For any fans in Binghamton - The Movember donations can still be made at the game on Saturday if you didn't get a chance to make one last night.  A table will be set up on the concourse with pictures of all the guys and their mustaches!  For every $5 you donate you get a raffle ticket to put into the jar of whichever guy (or guys) you think has the best mustache.  Whichever player has the most votes (and makes the most money) will draw one name from his jar, and that person will win a meet in greet with the player along with an autographed action shot.  You also get a fake mustache to wear (or pass out to someone who will) for every $5 donation.  I hope to see lots of those mustaches being sported at the game on Saturday night!

On another note (and keeping in the spirit of giving) I've just discovered that the B-Sens girls raised way more than I expected for Love for Lokomotiv through our bracelet sales!  There are a few bracelets left, but barely, so if you are still interested in purchasing one, get in contact with the front office!  It's awesome that we had the kind of support from the community that we did, even after the flooding in the region.  We also haven't even collected the donations from the guys themselves yet, so the total amount donated will be even higher!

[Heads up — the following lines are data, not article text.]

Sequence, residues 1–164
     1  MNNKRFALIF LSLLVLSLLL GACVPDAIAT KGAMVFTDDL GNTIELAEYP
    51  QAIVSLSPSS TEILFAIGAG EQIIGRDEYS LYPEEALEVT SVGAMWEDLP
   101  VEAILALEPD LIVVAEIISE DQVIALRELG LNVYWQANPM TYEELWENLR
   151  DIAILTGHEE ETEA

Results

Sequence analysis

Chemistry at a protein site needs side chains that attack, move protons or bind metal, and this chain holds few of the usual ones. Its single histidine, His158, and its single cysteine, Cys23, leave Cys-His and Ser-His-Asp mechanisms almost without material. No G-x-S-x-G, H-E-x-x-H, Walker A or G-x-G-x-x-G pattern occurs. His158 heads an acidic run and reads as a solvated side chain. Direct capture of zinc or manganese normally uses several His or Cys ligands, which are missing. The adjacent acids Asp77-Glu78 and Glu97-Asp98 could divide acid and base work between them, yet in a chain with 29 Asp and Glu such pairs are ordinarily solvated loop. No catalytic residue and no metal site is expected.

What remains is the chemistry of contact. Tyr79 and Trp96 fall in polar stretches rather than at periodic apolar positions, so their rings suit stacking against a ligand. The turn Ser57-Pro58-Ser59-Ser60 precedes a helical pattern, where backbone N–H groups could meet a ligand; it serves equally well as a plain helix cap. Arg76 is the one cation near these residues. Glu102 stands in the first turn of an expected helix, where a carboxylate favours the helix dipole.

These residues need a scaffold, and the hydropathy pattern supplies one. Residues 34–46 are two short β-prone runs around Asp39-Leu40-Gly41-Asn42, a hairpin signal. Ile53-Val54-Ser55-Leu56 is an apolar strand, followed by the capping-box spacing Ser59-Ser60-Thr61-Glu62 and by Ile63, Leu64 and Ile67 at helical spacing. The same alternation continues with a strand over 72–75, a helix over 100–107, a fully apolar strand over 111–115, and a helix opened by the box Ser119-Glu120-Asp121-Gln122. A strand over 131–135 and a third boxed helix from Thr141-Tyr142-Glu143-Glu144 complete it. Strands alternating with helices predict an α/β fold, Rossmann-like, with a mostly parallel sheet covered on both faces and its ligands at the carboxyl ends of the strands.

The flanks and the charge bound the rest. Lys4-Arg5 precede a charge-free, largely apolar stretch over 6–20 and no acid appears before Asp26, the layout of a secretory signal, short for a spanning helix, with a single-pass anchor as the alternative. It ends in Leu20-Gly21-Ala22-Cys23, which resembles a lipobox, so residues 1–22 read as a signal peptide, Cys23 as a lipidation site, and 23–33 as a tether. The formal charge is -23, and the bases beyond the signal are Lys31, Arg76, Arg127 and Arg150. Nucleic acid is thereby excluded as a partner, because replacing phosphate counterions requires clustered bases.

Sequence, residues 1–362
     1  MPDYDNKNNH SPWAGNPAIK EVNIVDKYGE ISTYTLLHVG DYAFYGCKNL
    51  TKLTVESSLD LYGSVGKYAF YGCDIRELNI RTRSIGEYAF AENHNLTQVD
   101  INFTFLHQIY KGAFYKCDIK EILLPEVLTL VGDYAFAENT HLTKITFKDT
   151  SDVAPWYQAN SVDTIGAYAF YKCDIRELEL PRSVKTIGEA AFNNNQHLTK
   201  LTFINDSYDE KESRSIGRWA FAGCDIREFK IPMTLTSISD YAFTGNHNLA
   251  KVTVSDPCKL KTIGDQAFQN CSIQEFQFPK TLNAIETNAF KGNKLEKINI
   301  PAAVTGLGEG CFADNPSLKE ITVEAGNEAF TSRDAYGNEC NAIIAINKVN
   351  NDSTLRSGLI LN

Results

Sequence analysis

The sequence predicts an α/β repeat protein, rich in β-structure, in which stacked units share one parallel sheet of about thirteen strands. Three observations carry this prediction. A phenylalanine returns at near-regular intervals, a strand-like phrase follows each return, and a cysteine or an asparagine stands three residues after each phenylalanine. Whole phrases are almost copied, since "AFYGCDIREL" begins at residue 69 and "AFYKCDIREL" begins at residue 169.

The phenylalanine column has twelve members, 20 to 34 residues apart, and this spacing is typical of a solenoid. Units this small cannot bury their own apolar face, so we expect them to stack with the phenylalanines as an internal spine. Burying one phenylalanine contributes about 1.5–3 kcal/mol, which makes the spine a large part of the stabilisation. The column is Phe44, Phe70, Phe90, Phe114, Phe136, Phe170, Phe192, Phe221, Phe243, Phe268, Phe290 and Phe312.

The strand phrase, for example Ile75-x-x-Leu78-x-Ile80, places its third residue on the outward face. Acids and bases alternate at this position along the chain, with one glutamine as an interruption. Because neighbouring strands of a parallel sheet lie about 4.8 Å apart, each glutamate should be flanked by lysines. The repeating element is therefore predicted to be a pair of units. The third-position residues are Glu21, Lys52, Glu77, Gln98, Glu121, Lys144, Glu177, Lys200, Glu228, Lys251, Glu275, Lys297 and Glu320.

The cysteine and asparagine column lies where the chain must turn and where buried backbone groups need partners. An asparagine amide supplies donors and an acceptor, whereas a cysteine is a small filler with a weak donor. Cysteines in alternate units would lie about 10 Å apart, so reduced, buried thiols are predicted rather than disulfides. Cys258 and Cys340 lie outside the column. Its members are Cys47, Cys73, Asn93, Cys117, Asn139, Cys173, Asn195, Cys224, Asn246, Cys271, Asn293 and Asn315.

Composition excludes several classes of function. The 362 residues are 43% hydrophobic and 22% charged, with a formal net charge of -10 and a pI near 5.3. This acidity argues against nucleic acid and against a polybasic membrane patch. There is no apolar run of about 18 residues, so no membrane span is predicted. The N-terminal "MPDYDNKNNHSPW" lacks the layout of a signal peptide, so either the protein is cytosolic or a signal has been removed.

I also spent some time one afternoon this week with a couple of the other girls making wreaths that are going to be auctioned off for charity.  I don't have all the information on that yet, but when I get it I'll be sure to pass it along!  One wreath is a B-Sens themed wreath with all sorts of team goodies on it.  Another is a lotto themed wreath full of different lotto tickets and some gingerbread goodness as well.

And last, this upcoming Tuesday the B-Sens are doing their annual Toys for Tots Spaghetti Dinner.  Dinner will be served to you by the players, and you can also bid on an opportunity to eat dinner with your favorite player!  More info can be found here.